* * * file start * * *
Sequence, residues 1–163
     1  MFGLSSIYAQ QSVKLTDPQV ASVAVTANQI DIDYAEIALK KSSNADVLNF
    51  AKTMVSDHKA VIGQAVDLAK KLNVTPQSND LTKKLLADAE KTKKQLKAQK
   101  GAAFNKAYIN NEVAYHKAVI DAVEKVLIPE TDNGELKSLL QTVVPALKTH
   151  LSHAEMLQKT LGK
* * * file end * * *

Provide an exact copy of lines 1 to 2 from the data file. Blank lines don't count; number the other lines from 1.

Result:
Sequence, residues 1–163
     1  MFGLSSIYAQ QSVKLTDPQV ASVAVTANQI DIDYAEIALK KSSNADVLNF